In 1967, a plumber doing renovations of an apartment building outside Chicago tore down a brick wall and found what would prove to be a baffling mystery to vintage motorcycle enthusiasts – a one-of-a-kind motorcycle bearing 1917 plates and the name “Traub”. The building’s elderly owner admitted that his son had stolen the bike before going off to WWI, never to return. But where the bike came from and who made it remains a unknown to this day
“When comparing other top motorcycle makes and models of the era, the Traub has no equal. Comprised of a sand-cast, hand-built, 80 cubic-inch “side valve” engine, the machine has the ability to reach speeds in excess of 85 mph with ease,” says Walksler.
Aside from its few off-the-shelf components, the Traub has many unique handmade features. The three-speed transmission is thought to be one of the first of its kind and the rear brake, a dual-acting system that employs a single cam that is responsible for pushing an internal set of shoes, while pulling an external set, has never been seen on any other American motorcycle.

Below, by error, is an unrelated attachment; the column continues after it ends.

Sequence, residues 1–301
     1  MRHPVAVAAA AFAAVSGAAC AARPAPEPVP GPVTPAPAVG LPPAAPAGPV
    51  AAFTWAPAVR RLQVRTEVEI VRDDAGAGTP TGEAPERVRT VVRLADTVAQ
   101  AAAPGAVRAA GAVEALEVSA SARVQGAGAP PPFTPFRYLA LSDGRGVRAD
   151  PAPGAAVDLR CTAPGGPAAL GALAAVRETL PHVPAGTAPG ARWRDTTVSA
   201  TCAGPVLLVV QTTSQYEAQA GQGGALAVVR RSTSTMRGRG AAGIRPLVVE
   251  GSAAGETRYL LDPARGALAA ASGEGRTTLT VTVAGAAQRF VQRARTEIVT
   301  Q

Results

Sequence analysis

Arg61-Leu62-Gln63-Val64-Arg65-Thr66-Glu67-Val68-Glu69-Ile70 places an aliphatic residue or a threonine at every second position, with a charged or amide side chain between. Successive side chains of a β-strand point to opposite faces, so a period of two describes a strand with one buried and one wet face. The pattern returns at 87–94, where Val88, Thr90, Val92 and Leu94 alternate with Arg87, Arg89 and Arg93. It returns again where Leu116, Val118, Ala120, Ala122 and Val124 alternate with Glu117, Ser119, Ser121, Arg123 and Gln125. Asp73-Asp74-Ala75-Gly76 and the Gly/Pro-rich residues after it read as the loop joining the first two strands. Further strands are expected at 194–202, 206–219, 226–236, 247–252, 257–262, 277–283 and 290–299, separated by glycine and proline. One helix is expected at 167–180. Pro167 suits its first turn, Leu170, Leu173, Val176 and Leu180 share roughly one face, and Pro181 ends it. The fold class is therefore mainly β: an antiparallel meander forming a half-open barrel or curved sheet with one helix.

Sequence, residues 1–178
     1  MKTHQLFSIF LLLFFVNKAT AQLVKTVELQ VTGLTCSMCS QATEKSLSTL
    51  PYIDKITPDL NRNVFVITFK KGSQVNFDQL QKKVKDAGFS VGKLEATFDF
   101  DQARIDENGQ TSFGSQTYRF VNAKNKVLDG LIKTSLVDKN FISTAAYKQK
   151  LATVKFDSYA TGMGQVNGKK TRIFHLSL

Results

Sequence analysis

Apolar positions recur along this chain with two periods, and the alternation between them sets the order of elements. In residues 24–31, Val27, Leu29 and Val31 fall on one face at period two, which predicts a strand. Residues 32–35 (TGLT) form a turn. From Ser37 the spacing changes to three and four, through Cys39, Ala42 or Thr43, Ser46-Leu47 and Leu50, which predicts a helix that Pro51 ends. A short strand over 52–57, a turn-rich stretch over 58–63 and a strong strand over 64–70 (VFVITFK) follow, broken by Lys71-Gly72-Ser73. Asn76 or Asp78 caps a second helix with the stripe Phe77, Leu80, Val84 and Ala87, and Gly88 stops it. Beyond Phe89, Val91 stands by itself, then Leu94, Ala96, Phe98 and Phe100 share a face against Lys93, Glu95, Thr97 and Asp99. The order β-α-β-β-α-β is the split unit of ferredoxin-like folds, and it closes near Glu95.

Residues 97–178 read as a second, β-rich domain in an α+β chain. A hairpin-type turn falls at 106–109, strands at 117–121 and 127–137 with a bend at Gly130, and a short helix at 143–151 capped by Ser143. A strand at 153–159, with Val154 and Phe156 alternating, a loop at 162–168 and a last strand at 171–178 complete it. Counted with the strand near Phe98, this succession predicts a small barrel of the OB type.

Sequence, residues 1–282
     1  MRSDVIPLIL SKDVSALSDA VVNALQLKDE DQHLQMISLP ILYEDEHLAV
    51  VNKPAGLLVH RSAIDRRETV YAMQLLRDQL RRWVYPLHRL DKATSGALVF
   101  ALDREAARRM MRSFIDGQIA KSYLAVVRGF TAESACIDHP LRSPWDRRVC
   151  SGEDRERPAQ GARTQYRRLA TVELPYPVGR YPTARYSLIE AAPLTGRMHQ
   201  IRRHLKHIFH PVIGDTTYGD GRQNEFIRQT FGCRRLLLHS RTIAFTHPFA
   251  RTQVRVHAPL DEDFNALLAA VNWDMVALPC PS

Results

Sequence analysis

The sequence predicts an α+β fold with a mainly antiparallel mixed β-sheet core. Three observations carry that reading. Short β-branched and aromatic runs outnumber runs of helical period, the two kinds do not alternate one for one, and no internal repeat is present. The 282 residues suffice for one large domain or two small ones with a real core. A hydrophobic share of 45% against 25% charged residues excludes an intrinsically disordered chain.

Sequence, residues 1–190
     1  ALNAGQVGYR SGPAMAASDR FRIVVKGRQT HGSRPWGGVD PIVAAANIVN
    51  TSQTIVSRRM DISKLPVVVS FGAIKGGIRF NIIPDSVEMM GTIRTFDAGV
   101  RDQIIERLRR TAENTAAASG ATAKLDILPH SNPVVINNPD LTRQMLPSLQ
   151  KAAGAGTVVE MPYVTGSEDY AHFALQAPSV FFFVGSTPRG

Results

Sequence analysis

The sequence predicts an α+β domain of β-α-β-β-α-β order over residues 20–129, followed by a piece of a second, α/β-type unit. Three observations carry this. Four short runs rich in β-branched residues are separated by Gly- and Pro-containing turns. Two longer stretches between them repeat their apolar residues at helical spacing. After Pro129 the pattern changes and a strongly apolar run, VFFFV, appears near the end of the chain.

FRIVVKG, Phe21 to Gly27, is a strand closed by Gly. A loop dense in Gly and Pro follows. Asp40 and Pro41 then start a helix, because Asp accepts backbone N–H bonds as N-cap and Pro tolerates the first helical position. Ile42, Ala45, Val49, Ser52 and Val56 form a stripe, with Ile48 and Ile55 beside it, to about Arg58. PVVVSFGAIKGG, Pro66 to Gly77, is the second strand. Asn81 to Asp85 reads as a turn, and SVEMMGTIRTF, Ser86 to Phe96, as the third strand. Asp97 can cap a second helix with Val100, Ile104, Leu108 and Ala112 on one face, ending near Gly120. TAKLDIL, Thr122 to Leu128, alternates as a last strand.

“For a machine to have such advanced features, unparalleled by other motorcycles of the same era, is truly outstanding,” said Walksler. “It’s my opinion that The Traub was an attempt at a new breed of motorcycle. But how on earth could a machine have been produced in such great form, with capabilities that far exceed that of any comparable machine, without the knowledge of the rest of the motorcycle industry during that time.”
The hunt for the Traub’s elusive origin hasn’t stopped. “While we may never know why the machine was placed behind that wall, we do hope to one day find out more about its history and the genius that created it,” said Walksler.
To learn more about the Traub and the Wheels Through Time Museum’s other 240 bikes, visit their site.
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